Afghanistan is a mess and it's fair to say the administration has not covered themselves with glory. All the more reason to stick the landing, as it were, on their domestic program. John Halpin breaks down the challenge in his new piece on The Liberal Patriot:
"Hoping to move beyond its self-described mistakes on the withdrawal effort from Afghanistan, the Biden team is wisely restating its commitment to domestic renewal and investment as a means of taking on China (and Russia) in the world. TLP has strongly supported this effort and as a strategy for long-term action, it’s a grand idea.
The problem, of course, is turning ambitions for new legislation totaling trillions of dollars in spending into practical policies that prepare America’s economy and workers for the future – and equally important, are perceived by voters as helping them directly in terms of jobs, wages, educational opportunities, and family security.
As seen on the highly popular American Rescue Plan, support for “big, bold” action steadily fades over time as the immediate impact of policies like stimulus checks or public health measures turn into less noticeable or understood spending in other areas.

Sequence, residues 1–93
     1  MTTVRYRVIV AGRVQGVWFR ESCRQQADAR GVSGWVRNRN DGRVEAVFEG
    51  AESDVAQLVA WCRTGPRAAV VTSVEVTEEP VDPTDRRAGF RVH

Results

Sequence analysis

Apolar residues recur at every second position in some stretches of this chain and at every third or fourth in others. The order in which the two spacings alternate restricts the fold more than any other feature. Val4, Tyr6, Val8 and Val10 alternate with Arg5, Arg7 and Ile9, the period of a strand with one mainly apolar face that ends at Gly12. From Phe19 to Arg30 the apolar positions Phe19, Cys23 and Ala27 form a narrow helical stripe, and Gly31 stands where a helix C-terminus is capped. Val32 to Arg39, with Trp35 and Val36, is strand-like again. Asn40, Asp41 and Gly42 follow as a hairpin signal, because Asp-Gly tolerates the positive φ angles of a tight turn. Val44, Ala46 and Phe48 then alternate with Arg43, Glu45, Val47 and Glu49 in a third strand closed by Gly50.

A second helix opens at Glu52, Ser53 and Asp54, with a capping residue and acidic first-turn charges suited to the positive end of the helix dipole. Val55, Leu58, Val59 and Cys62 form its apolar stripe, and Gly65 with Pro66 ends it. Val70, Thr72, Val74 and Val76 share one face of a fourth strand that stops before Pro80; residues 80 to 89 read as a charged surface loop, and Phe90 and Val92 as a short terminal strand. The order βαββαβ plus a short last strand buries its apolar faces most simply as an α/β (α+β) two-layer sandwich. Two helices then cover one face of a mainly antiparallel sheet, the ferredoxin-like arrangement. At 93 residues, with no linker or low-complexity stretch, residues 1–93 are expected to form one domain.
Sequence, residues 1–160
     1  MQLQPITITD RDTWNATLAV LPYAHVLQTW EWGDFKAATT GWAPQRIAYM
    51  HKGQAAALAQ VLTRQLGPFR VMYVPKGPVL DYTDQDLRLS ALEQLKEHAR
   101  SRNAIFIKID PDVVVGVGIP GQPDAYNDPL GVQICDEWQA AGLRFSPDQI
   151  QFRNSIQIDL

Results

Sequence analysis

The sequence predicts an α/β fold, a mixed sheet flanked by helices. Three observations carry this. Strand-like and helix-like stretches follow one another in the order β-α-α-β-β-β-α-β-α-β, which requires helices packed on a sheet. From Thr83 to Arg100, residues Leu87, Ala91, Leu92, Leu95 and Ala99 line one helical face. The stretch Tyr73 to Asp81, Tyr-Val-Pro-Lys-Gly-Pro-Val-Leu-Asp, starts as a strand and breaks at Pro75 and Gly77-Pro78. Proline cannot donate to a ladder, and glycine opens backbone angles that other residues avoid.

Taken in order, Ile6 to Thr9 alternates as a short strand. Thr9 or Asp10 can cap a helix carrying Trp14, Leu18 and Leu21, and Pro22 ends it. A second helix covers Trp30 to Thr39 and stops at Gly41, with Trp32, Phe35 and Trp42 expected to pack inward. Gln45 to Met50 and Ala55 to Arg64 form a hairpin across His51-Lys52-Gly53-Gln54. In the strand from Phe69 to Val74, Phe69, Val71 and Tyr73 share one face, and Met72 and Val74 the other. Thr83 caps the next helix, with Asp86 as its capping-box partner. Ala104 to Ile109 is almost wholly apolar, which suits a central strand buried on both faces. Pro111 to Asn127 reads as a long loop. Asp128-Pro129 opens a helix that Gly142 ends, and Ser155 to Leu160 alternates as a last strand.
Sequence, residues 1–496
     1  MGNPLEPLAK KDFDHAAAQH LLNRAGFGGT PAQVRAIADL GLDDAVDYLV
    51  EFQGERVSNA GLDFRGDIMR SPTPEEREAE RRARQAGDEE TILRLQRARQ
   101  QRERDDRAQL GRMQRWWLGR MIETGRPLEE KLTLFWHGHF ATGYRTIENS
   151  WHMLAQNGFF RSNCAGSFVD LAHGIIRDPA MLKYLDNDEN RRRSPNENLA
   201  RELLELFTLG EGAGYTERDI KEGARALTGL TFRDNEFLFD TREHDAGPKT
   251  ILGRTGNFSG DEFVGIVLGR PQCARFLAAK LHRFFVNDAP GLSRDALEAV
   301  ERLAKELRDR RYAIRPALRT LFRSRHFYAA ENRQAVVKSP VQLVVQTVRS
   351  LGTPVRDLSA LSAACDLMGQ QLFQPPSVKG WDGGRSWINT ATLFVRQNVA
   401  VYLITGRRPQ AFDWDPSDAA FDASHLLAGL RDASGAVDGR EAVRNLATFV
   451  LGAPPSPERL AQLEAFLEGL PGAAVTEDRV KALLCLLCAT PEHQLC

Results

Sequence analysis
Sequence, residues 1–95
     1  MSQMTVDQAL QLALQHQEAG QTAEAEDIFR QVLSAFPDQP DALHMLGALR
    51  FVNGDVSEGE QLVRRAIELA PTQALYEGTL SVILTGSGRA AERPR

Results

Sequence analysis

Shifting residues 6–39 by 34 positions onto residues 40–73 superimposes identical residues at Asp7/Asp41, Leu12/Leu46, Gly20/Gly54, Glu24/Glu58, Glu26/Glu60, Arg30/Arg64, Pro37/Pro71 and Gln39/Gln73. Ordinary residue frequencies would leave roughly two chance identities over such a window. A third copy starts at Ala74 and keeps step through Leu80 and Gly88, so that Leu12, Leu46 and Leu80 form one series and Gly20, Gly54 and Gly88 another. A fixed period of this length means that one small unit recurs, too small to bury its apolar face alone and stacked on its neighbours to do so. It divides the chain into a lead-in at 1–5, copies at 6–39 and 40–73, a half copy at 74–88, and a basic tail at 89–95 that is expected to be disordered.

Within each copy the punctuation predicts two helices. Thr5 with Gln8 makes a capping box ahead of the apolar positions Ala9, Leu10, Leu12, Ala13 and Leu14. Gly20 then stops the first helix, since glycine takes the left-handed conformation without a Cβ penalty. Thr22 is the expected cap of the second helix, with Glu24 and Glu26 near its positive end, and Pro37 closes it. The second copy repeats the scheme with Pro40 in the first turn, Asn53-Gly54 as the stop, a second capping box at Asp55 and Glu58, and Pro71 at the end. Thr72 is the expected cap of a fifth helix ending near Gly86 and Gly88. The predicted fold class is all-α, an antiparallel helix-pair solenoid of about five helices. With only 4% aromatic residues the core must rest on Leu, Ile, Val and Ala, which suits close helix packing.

With the Democrats now rushing to write reconciliation legislation on “soft” infrastructure approaching $3.5 trillion – on top of the Senate’s $1.2 trillion in “hard” infrastructure spending – the risk of screwing this up is high. For proponents of active government, the cost of getting these domestic spending plans wrong in terms of structure and implementation will be even greater than the “miscalculations” on foreign policy."
He makes some recommendations on how to avoid screwing up:
"1. Design of policies matters as much as the price tag. If Democrats are honest with themselves, they know they are flying blind somewhat in trying to write a set of plans to restructure American infrastructure and social policy in a few weeks. The risk of passing a huge bill that no one really understands or has thought through into terms of execution is serious and could fatally wound the effort to make smart economic investments and convince voters that their plans are working to help Americans – and help America in its competition with China....